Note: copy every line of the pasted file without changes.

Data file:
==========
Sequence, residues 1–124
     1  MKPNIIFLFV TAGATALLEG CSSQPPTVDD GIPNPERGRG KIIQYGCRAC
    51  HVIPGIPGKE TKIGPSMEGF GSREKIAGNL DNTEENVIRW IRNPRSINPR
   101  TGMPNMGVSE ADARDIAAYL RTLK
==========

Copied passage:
Sequence, residues 1–124
     1  MKPNIIFLFV TAGATALLEG CSSQPPTVDD GIPNPERGRG KIIQYGCRAC
    51  HVIPGIPGKE TKIGPSMEGF GSREKIAGNL DNTEENVIRW IRNPRSINPR
   101  TGMPNMGVSE ADARDIAAYL RTLK